Using Sparse tools for my internship project

What is sparse ?

Sparse or semantic Parser for C  is a tool built by Linus Torvald and colleagues with the aim of enforcing type-checking.  It is actually a static analysis tool. By static we mean it analyses code without executing it; Sparse converts a sequence of characters in the program into a sequence of tokens and analyses the C syntax used.

By token, we mean strings with an assigned or identified meaning. These can be for example keywords, an identifier, a constant, a string, a special symbol or an operator. A token can also be seen as the smallest element of a program that is meaningful to the compiler.

Sparse is all about semantics (tokens or groupings of tokens) or context(whether a group of tokens belong to a release or acquires or hold or no group).

The semantics parsing process in Sparse involves figuring out which grouping the tokens are and what _types_ are these grouping implies.

Sparse can work as a front end of a compiler and figures out whether a grouping of tokens belong to an acquire or release lock for example.

The parsing in Sparse is theoretically done in five phases:

- full-file tokenization

- pre-processing

- semantic parsing

- lazy type evaluation

- inline function expansion and tree simplification

The above five phases are well described in the link below

link to sparse details.

The tool is currently currently maintained by Luc Van Oostenryck.

Why Sparse ?

There are many tools,  out there in the wild, that Kernel developers and newbies use to find and fix problems in a source code. Each tool excels in its own way.

Typical examples are checkpatch; a coding style checker,  Coverity; commercial tool that  fix Linux code, Coccinelle; used for Linux code matching and transformation, smatch , to mention but a few.

Why Sparse ? Sparse summarise particular features of some codes, find particular possible troublesome patterns and make it easier to understand or navigate around a large code set. The tool is structured as a library that other tools can easily incorporate.(eg make C=2)

If you are working on a project that require fixing lock warning as I am or address warning. Sparse will be the most appropriate to find these type warnings or errors.

Install Sparse

The latest released versions can be downloaded from the Sparse homepage at

https://sparse.wiki.kernel.org/index.php/Main_Page

Alternatively, you can get snapshots of the latest development version of sparse using git to clone:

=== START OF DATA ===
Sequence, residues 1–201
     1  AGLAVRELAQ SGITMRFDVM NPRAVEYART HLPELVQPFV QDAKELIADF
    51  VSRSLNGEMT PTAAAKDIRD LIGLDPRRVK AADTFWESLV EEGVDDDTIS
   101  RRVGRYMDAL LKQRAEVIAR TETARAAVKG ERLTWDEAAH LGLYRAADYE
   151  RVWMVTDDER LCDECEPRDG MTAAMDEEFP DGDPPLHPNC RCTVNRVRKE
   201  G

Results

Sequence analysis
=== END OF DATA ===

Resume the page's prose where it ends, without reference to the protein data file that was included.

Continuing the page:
git clone git://git.kernel.org/pub/scm/devel/sparse/sparse.git

DaveJ has hourly generated tarballs of the git tree available at:

http://www.codemonkey.org.uk/projects/git-snapshots/sparse/

Once you have it, just do:

make
make install

as a regular user, and it will install sparse in your ~/bin directory.

Distributiona like Fedora or Ubuntu made things  easier, a simple command on a terminal will install Sparse.

sudo dnf install sparse -y
sudo apt install sparse -y

How to use Sparse ?

The tool was designed to be particularly small, simple and easy to use.

Run Sparse on Kernel C files that would get re-compiled only saving our time if in hurry:

make C=1 pwd_directory/

Run Sparse on all kernel C files regardless on whether they need to get re-compiled or not:

make C=2 pwd_directory/

pwd_directory/ can be any kernel directory where our target C source file(s) is (are) located.

Examples: make C=2 drivers/staging/; make C=1 drivers/staging/

When running make to detect possible coding fault , Sparse offers flexibility in which type of warning or errors to be displayed.  For that, a variable CF can be used to pass arguments to sparse.

The build system passes -Wbitwise to sparse automatically.

There are many options : -Wsparse-all, -Waddress-space, -Wcast-to-as, -Wcast-truncate, etc.

Sparse can also be used as a stand alone application;

if that is a case, just type the command

sparse $filename

$filename for any C files.

Sparse provides a set of annotations designed to convey semantic information about types, such as what address space pointers point to, or what locks a function acquires or releases.

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